Well, we know that Suncorp won’t be in banking for much longer. Why else would it hire a British insurance executive for the vacant CEO’s role

The last bloke, John Mulchay, was a banker (from the Commonwealth) of sorts and he couldn’t make it work, or the much larger insurance side.

Now the board has gone for someone with clear insurance skills and zero banking experience, which tells us something about the problems at the group and the way the future is seen by the board.

Suncorp’s new boy is Patrick Snowball (whose surname will produce all the usual cliches about having a Snowball’s chance in turning round the pondering Suncorp).

But given that Suncorp is now the country’s second biggest insurer (with AAMI, Suncorp, GIO and a couple of other brands) and a very small regional bank, without much in the wait of growth options, filling the CEO’s role with someone with an insurance CV, sounded more logical.

Now Suncorp has to find a way of hiving off its banking business. The ANZ was poised to buy it last October after Suncorp trembled in the wash-up of the Lehman Brothers collapse. But the Federal Government’s three-year deposit guarantee saved the day and Suncorp stepped away from the deal.

But with Westpac and the Commonwealth having snapped up rivals and gained market share, the ANZ could argue that buying Metway would make it better placed to compete with the CBA and Westpac: that old Australian story of less competition being better for business and all concerned (Trust us, we’re .ankers).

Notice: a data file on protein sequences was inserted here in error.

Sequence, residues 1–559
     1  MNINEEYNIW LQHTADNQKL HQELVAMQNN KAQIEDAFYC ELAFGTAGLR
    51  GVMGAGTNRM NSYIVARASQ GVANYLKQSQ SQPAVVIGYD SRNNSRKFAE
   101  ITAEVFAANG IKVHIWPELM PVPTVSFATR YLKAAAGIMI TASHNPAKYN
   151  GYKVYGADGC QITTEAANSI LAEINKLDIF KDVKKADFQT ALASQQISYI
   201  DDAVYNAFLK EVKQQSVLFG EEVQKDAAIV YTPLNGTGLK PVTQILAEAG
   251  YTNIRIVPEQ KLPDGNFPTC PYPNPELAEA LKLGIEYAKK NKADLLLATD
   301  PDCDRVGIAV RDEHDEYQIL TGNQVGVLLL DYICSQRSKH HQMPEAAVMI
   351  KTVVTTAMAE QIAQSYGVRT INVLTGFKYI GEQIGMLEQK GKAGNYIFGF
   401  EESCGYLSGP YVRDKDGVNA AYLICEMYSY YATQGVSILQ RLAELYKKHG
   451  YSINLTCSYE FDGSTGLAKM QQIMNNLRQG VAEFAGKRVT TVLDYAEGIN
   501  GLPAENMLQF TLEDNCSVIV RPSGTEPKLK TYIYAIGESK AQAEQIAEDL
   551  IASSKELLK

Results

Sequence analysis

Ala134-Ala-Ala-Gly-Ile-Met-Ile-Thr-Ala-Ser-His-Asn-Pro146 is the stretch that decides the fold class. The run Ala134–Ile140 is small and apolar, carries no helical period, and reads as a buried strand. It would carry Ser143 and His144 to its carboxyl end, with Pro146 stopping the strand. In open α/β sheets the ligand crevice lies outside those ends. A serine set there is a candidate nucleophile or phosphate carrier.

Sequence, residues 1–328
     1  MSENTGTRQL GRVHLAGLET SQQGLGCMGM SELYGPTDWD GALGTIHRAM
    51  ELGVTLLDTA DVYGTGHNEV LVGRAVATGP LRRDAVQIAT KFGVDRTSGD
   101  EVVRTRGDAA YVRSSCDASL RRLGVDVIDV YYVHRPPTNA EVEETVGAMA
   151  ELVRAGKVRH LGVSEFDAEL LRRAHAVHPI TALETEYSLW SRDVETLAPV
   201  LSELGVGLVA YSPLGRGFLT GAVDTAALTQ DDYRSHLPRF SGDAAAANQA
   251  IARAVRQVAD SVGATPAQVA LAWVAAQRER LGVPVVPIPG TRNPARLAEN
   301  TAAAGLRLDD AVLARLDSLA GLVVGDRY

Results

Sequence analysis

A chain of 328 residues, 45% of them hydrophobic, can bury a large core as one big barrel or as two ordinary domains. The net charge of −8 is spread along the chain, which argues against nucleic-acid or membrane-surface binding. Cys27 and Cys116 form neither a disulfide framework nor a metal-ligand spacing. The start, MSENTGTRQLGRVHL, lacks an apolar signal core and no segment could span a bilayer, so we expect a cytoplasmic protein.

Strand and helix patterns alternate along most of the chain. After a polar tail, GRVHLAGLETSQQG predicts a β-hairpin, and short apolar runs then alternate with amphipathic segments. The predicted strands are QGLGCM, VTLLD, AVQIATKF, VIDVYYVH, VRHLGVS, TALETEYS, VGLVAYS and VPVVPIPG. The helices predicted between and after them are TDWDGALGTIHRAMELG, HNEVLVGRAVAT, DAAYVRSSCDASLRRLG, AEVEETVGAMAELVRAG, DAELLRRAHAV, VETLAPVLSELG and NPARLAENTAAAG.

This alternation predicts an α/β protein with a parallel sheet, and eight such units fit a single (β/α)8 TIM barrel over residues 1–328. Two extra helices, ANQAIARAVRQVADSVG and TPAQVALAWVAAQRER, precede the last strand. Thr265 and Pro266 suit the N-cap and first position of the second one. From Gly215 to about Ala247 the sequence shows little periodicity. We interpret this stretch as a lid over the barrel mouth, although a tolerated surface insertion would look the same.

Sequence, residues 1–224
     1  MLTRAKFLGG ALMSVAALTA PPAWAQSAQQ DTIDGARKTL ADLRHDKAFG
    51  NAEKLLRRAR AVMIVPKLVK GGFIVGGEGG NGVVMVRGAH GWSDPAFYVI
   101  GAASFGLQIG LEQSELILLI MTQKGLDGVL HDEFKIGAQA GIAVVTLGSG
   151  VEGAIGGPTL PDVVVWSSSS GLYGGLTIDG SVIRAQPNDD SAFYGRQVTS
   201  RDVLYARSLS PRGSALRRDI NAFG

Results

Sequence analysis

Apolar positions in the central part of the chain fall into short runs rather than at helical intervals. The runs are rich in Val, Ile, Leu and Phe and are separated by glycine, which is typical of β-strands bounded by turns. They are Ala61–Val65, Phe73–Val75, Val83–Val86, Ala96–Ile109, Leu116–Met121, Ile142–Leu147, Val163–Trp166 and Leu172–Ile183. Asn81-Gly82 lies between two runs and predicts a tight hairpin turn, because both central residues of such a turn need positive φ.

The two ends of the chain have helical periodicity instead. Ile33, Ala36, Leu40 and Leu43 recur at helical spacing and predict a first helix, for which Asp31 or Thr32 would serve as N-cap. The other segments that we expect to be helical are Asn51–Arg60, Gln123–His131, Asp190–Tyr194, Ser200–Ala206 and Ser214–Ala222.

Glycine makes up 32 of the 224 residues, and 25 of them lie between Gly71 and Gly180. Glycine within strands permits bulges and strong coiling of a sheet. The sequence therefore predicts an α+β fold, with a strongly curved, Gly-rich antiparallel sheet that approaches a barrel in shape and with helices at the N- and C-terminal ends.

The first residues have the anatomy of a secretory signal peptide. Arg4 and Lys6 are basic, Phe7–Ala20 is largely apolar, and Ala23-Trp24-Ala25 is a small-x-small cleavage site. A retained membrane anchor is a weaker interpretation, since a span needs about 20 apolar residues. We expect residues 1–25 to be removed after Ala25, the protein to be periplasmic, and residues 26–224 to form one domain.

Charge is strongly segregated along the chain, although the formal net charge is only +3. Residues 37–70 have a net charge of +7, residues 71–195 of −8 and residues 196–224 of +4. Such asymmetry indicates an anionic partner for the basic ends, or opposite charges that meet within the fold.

Mr Snowball previously ran the UK insurance operations of Aviva, which last week sold its Australian business to the NAB.

Mr Snowball left Aviva just two years ago after he lost out in the succession race to take over from the top job at the group. Aviva was formerly known as Norwich Union. He then joined another smaller insurance company, Towergate Partnership. He starts at Suncorp in September.

Suncorp could look to sell off Metway, but it has a bad bank with $16 billion of dud loans and $38 billion of good loans that are still paying their way at last report.

That $16 billion is a a millstone that will weigh down the bank’s performance and ability to perform for years to come. It also makes a sale very problematic, unless some way can be found to completely separate the loans. But they would have to be supported by capital, something Suncorp has a minimum of at the moment.

Any buyer would want to discount the price they paid for the bad loans, or leave them with Suncorp, which would defeat the purpose of selling the banking side.

So Snowball’s first decision (besides deciding on which side of the Brisbane River he will live) is to find a hard-headed banking executive with the skills of a receiver/liquidator to oversee the banking side and bad bank. Those attributes will be needed.